Young at Heart: Ethel Barrymore and Frank Sinatra

One of my favorite all-time movies, Young at Heart (1954, produced by Gordon Douglas), revolves around the Tuttle sisters, Fran, Laurie, and Amy, in their search for love.

The three girls do find love, but in three very different ways in this remake of an earlier movie and based off of a book by Fannie Hurst. Aunt Jessie (Ethel Barrymore) is the girls’ surrogate mother and resident cook, housekeeper, and psychologist, using her influence to subtly guide the three girls into marriages with the man most suited for each.

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Ethel Barrymore gives a convincing performance as the down-to-earth aunt who seems to be the least in the household, but who actually wields the power.

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Charming, happy-go-lucky Alex (Gig Young) the perfect “catch,” a successful Broadway composer who compliments this musically-talented family, pursues Laurie (Doris Day), while each of the three girls falls for him in her own way. Gig Young recognizes and states that “a lot depends on Aunt Jessie.”

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Just as Alex claims Laurie as his pick, along comes his old pal Barney (Frank Sinatra), a brilliant musician who is drifting through life. Barney thinks he knows Aunt Jessie’s type, and, although not charming, Barney gains Aunt Jessie’s approval because he is honest and forthright. He wants to know what type of aunt she is, and she tells him she is the “you-can’t-hide-a-thing-from-me type.”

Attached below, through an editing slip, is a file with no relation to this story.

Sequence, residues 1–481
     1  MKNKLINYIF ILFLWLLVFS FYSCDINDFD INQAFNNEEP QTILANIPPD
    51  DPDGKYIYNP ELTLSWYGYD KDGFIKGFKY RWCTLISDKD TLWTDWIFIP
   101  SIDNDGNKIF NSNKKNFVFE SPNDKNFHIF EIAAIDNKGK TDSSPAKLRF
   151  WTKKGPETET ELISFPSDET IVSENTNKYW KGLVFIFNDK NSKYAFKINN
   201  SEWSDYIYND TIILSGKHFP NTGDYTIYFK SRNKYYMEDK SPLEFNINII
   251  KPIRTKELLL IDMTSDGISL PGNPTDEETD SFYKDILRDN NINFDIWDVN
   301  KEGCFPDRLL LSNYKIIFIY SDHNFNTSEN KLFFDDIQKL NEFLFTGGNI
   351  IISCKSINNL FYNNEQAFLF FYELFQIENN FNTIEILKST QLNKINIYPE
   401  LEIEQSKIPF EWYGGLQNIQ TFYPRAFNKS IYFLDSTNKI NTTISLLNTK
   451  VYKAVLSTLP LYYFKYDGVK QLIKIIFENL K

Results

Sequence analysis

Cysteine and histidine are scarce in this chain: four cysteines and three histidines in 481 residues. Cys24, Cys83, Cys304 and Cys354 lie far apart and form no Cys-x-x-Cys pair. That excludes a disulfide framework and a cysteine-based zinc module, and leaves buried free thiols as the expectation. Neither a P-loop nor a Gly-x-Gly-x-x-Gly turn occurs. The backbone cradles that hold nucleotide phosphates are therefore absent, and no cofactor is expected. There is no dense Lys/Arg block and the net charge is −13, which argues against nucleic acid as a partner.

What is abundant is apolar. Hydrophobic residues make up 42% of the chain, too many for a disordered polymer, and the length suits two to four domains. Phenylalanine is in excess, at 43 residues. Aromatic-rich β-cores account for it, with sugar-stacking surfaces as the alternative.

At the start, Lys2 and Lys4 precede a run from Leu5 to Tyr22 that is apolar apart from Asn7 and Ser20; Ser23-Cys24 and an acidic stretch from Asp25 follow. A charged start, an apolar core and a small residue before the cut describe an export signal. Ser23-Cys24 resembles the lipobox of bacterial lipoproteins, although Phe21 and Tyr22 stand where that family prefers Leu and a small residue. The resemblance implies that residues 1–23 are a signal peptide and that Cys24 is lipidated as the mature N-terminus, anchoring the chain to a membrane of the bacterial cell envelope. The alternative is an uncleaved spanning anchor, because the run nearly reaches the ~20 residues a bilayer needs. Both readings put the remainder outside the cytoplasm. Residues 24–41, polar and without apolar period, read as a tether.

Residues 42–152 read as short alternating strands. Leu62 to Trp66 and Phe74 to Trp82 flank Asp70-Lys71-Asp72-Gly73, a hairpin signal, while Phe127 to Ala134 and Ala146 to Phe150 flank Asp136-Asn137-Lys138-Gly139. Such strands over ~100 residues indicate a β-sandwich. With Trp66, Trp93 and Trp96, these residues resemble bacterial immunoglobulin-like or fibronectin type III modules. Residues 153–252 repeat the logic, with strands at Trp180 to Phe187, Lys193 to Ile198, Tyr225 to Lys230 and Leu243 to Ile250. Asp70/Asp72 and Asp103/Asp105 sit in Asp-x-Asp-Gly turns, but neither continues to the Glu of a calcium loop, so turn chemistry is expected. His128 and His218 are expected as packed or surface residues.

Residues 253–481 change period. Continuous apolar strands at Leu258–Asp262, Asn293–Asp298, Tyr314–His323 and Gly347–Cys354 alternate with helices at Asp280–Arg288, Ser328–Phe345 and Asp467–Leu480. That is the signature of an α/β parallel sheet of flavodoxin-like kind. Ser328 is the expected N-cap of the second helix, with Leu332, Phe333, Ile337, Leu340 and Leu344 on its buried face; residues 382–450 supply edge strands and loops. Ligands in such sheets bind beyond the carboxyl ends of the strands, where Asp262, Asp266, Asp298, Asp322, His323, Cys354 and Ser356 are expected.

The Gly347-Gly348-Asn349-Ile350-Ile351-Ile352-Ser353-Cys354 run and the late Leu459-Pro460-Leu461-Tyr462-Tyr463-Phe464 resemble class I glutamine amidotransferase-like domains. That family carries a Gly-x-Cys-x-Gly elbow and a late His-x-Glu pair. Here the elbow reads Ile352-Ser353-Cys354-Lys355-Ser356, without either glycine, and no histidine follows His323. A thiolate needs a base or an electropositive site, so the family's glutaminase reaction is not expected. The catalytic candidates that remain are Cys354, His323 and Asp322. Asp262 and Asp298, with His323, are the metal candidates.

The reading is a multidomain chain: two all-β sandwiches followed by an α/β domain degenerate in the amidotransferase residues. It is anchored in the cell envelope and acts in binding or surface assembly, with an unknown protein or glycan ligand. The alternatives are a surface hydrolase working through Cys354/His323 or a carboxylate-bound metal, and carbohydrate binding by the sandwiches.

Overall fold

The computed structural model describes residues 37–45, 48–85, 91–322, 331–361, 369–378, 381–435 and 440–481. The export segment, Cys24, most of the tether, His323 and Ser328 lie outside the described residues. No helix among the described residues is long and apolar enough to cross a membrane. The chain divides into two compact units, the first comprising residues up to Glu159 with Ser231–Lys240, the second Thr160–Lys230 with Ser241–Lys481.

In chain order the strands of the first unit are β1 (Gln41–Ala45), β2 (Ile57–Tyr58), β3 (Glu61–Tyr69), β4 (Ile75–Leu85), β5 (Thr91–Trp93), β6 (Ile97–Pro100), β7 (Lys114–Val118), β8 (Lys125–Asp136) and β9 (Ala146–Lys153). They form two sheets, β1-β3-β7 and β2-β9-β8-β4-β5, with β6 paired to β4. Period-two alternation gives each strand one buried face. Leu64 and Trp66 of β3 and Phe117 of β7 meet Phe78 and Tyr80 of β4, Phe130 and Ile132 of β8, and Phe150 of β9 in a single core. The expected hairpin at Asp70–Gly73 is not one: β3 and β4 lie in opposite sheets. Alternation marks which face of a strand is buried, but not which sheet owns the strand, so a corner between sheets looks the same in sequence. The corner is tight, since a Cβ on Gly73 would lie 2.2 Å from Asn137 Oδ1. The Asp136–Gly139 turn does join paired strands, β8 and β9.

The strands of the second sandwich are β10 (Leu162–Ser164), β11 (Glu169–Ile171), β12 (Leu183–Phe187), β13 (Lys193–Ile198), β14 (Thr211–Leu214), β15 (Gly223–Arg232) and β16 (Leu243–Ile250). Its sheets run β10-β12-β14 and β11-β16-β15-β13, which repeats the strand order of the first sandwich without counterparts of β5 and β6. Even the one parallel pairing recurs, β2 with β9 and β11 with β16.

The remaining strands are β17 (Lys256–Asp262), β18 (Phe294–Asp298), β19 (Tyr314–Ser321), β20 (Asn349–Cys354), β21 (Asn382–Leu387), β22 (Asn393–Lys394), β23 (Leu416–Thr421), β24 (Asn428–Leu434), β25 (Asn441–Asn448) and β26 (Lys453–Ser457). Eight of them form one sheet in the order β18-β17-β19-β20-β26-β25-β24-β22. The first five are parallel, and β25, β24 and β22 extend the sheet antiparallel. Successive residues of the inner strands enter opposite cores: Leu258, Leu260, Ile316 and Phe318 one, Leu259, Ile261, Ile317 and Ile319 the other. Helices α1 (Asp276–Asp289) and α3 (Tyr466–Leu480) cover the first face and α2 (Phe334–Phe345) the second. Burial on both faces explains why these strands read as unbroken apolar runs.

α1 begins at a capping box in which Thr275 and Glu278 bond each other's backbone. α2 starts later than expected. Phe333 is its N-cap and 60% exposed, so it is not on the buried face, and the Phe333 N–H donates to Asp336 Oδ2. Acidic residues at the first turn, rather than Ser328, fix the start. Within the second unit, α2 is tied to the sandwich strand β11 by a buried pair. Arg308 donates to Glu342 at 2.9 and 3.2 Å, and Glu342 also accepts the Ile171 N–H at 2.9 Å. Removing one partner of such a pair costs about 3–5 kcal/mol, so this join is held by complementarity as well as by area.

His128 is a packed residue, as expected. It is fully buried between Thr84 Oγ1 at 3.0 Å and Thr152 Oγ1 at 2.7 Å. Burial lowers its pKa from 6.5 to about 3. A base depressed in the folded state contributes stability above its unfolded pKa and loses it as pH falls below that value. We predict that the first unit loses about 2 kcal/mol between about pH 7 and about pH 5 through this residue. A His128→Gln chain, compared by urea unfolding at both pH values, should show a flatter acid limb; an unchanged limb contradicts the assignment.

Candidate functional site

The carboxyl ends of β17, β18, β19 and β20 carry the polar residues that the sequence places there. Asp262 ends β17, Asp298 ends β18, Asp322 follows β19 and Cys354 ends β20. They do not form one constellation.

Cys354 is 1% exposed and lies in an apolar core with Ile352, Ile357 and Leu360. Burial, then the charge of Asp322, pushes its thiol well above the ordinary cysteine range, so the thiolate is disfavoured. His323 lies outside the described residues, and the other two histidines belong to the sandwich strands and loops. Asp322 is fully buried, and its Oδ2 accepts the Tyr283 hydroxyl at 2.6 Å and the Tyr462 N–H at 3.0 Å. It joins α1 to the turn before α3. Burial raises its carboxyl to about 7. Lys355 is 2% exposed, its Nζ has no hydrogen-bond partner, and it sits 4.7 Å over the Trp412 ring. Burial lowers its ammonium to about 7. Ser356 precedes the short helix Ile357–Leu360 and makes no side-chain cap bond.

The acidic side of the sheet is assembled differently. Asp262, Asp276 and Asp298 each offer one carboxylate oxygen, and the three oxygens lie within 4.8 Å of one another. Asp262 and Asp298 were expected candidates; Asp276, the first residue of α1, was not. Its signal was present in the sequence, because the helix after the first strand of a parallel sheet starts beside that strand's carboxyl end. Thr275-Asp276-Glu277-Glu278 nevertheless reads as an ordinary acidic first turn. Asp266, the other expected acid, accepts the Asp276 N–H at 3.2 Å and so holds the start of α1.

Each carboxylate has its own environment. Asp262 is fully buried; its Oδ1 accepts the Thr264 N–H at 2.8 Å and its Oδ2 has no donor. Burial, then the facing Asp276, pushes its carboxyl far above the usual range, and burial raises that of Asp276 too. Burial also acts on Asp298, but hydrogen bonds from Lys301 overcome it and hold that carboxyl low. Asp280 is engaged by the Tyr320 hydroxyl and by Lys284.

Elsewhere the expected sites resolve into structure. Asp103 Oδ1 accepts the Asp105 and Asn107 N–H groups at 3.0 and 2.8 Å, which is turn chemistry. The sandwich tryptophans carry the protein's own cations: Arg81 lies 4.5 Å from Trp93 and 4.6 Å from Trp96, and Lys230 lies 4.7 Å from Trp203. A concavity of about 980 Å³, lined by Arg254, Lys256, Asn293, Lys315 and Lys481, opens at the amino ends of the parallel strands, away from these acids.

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Barney proves to be a challenge for Laurie, for he seems to not know how or care to flirt. He tells her that his masterpiece, a song he has been writing, has no beginning and no ending and that the “fates” won’t let him have a good life. She points out his incredible talent and encourages him to finish the song.

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Barney and Aunt Jessie understand each other and share a sarcastic wit and keen insight into human nature. They are the only two who notice Amy’s broken heart. As Barney (Sinatra) croons “Someone to Watch over Me,” Laurie shows the least self-awareness while she is drawn to both protecting this new drifter and sacrificing herself for her sister Amy, not realizing that she can really do neither.

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Without giving away the ending, I think this movie has as much of a twist as a romance of this era can have. Laurie must choose between an easy life with Gig Young’s character, who is much like her, or a struggling marriage with Frank’s character, who is her pessimistic opposite.

Frank_Sinatra_'57According to Doris Day, Frank Sinatra insisted that the ending of the movie be changed from its original, and the producer gave the star his way (Doris Day: Her Own Story). Years later, when Old Blue Eyes sang the all-familiar words, “I did it my-y-y way,” he meant it!